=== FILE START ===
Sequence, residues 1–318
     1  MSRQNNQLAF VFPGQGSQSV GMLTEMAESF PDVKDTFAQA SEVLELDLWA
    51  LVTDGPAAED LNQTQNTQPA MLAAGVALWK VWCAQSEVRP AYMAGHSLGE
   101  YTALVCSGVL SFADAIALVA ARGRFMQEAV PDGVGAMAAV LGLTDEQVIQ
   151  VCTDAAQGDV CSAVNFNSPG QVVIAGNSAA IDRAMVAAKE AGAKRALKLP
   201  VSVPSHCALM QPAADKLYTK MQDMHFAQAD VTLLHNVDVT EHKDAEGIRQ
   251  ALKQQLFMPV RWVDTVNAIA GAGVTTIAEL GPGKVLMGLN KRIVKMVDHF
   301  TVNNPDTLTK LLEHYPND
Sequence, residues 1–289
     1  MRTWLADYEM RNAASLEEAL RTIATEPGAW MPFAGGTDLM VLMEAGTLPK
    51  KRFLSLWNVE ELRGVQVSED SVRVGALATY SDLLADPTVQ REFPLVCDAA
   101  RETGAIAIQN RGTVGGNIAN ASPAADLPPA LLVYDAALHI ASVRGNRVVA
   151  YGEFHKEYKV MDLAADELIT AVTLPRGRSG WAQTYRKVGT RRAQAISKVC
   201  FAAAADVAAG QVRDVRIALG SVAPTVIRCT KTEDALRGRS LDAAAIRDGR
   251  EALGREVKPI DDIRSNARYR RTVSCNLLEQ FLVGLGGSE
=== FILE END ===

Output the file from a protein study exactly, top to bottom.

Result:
Sequence, residues 1–318
     1  MSRQNNQLAF VFPGQGSQSV GMLTEMAESF PDVKDTFAQA SEVLELDLWA
    51  LVTDGPAAED LNQTQNTQPA MLAAGVALWK VWCAQSEVRP AYMAGHSLGE
   101  YTALVCSGVL SFADAIALVA ARGRFMQEAV PDGVGAMAAV LGLTDEQVIQ
   151  VCTDAAQGDV CSAVNFNSPG QVVIAGNSAA IDRAMVAAKE AGAKRALKLP
   201  VSVPSHCALM QPAADKLYTK MQDMHFAQAD VTLLHNVDVT EHKDAEGIRQ
   251  ALKQQLFMPV RWVDTVNAIA GAGVTTIAEL GPGKVLMGLN KRIVKMVDHF
   301  TVNNPDTLTK LLEHYPND
Sequence, residues 1–289
     1  MRTWLADYEM RNAASLEEAL RTIATEPGAW MPFAGGTDLM VLMEAGTLPK
    51  KRFLSLWNVE ELRGVQVSED SVRVGALATY SDLLADPTVQ REFPLVCDAA
   101  RETGAIAIQN RGTVGGNIAN ASPAADLPPA LLVYDAALHI ASVRGNRVVA
   151  YGEFHKEYKV MDLAADELIT AVTLPRGRSG WAQTYRKVGT RRAQAISKVC
   201  FAAAADVAAG QVRDVRIALG SVAPTVIRCT KTEDALRGRS LDAAAIRDGR
   251  EALGREVKPI DDIRSNARYR RTVSCNLLEQ FLVGLGGSE